Other than the music, here in the province of Groningen there is a lot of open spaces, old churches and abandoned old factories. In the province of Drenthe, also in the north of the Netherlands and where I originally come from, there's a lot of forests and heath land. These kind of landscapes are inspiring to me.
What's your fascination with American music?
When I was 11 years old I bought my first Black Flag vinyl record called Damaged. The Ramones followed shortly after. It was before the time that everyone had internet. I kept a pop encyclopedia like a bible next to my pillow. I learned a lot of names and stories of bands, but hadn't heard the music, yet.
Punk Rock music and skateboarding was my life in those days. Must've been between 1998 and 2005. When I was 14 my brother bought - for 1 euro on a flea market - the first Jason & The Scorchers record and that brought country-ish music into my life.
Since then I dug deeper in the world of American folk and country music. Bluegrass music from Ralph Stanley or Old-timey from Uncle Dave Macon for example. It's so pure, because it's their culture, you know? Also The Byrds and Tony Joe White are high on my list of the all-time favorites. Shortly after, music from John Fahey, Robbie Basho, Jack Rose and Leo Kottke crossed my path and inspired me in the same way that punkrock did for me when I was a kid.
The cover art of your album is a nice homage to Robert Crumb's Heroes of Blues, Jazz & Country. Who made the cover?
Thanks, that's a great book. Plastic Crimewave aka Steve Krakow made the artwork for 'Sacred Revelations' in collaboration with Sara Gossett.
Two great artists from the USA. Steve's got his own hand-drawn magazine - since 1995 - about folk, psych, garage, punk and rock music. It's called 'Galactic Zoo Dossier' and he also interviewed artists like Arthur Brown, John Renbourn and other remarkable sometimes forgotten musicians. Sara Gossett's style gives me a very optimistic feeling and her Art Nouveau/Deco kind of paintings are mostly made with water paint. I'm grateful that they both jumped on board to create the face of my record.
What chances and challenges do you see in today’s musical landscape where it's easy to publish music but hard to get recognized?
Making an album can cost a lot of money and the writing process takes time and energy. The challenge is not to be forgotten after a few weeks since its release, so searching for chances is recommended. There are a lot of kind promoters, colleague artists, record store owners and freelance writers willing to help pushing it forward when they believe in the music.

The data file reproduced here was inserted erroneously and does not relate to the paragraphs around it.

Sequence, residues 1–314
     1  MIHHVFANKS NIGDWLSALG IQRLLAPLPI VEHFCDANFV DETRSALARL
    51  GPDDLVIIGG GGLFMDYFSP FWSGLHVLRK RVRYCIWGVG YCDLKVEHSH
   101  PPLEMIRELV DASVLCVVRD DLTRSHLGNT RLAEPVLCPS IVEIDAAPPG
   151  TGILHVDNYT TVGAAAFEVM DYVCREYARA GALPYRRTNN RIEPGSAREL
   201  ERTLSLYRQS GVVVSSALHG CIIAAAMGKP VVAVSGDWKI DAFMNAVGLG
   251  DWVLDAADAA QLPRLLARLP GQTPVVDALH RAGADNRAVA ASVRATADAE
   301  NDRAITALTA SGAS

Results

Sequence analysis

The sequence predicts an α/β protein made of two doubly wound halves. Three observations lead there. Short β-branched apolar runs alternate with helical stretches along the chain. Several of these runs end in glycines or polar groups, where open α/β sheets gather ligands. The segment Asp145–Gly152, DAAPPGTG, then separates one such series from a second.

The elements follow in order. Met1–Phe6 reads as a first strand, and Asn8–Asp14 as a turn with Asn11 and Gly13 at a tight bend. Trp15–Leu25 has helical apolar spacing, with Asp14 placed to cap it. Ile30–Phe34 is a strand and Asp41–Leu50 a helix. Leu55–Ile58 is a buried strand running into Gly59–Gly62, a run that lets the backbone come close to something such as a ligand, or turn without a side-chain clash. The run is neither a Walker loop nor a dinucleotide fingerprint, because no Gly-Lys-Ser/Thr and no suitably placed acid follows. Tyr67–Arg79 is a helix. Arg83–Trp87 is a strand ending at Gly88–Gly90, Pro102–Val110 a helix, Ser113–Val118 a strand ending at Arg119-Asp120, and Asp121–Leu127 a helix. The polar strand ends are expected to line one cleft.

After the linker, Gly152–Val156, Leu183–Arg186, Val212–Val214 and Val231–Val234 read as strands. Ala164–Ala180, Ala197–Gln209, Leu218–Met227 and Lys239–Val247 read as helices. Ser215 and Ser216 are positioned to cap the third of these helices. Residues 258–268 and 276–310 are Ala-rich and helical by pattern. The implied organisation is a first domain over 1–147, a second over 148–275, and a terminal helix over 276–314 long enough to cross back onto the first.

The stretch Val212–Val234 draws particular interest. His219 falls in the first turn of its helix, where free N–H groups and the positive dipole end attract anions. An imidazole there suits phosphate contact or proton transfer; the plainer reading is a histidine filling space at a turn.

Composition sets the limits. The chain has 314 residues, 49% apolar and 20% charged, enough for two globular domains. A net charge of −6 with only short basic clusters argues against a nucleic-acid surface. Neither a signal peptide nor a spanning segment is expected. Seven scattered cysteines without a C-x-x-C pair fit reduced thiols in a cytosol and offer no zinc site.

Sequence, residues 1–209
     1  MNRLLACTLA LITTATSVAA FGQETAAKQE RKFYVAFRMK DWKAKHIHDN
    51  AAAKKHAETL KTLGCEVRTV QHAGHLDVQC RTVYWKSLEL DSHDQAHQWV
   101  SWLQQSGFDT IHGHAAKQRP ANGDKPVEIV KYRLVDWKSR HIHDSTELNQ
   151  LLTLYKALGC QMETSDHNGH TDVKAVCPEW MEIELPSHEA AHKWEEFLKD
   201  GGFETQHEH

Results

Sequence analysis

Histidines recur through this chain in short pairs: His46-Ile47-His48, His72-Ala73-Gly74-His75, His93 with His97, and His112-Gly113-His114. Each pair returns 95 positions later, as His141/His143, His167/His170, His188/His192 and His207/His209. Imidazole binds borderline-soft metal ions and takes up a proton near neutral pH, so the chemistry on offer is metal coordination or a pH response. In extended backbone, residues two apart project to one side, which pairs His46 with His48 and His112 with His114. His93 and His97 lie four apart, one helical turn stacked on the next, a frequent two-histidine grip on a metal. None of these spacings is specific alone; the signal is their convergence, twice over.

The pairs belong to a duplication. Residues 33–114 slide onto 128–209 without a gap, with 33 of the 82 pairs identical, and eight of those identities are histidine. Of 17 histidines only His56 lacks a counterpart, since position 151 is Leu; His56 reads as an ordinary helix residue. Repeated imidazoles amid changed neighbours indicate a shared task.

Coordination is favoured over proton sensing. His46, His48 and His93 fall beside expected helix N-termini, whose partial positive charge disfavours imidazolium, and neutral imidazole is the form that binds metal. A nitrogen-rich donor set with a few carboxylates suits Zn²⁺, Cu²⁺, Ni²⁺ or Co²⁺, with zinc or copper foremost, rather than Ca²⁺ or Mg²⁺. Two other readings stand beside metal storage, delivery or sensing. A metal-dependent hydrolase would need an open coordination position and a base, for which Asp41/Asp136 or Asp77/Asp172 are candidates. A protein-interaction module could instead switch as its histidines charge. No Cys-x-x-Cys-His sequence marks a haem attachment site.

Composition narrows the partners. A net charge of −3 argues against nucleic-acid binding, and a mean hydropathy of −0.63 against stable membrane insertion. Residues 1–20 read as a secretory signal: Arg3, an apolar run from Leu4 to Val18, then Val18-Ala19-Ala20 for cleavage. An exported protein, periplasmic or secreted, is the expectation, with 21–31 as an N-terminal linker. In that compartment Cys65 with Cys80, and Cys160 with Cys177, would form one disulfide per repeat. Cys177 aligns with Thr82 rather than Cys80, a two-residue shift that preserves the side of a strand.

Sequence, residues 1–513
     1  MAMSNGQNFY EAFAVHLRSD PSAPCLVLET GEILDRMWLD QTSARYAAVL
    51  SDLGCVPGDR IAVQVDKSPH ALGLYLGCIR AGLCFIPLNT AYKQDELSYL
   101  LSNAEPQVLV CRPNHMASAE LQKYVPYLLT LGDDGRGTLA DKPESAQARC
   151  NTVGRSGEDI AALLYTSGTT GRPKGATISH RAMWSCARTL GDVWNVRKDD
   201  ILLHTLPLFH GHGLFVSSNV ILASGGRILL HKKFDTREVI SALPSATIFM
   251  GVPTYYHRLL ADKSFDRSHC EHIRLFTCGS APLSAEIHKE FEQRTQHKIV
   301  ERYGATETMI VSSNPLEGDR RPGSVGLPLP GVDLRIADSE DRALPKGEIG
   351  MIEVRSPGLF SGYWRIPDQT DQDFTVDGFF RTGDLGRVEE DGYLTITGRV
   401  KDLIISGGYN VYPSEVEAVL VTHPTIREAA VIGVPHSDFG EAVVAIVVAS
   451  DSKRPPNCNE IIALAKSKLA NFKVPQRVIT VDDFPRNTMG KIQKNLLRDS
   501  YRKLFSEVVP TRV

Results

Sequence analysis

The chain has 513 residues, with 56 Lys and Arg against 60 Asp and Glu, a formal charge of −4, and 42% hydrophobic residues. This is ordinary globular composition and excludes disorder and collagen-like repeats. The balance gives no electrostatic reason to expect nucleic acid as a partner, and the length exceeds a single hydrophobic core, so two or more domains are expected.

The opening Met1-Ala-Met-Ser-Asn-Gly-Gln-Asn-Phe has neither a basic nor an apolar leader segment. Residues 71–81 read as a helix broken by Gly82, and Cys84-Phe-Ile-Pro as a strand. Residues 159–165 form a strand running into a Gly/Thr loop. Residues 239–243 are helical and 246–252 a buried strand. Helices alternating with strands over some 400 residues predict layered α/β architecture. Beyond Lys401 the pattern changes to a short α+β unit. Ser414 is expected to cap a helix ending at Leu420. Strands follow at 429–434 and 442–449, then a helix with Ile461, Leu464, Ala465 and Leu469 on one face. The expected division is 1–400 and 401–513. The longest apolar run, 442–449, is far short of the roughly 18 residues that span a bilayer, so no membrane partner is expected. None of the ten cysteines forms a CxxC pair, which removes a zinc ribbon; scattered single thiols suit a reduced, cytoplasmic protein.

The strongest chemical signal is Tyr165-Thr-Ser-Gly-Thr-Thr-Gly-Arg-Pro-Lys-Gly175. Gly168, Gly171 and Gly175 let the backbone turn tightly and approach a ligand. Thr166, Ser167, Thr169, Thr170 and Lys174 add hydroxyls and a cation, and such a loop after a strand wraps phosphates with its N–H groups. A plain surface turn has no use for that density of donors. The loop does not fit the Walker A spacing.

When I was young and bought a cd or LP, I listened to it for a long time. If I liked it, it became a part of me. Nowadays it's so easy to press a button that says: next. There's so much. And mostly for free. It all comes with negatives and positives of course.
The positive thing is that the artists without a support from an influential label/booker can promote themselves. But the internet is a big pile and getting recognized requires hard work and artistic input. My father doesn't have facebook, watches football and the news on TV, and reads the newspaper every day. How would I get to him if he wasn't my father but has - in some way - a similar musical taste? Well, trying to get an interview + gig on the local radio via the venue promoter and add gig information in the newspaper still might help to reach him.
New small record labels can grow to become influential when they continue releasing quality music where they artistically believe in, but - I think - it's best to stick to a "genre" nowadays, so the label-listener knows kind of what they can expect. When another artist on the same label is rising, it could influence the other artists, because the label is a cradle and some babies grow faster. And perhaps there's less risk for a label when they sign let's say an Acid Jazz band when they mostly release Avant-garde.
Music-lovers can start a blog and write about an artist, independently. These guys are treasure seekers and willing to write about new and upcoming artists and taking new music seriously for what it's worth. And of course there's the Social Media thing.
What are your plans for the future?
I would like to perform my music in places all over the World (although that might be a bit optimistic), meet good people down the road and in the meantime continue writing compositions and songs for a second record.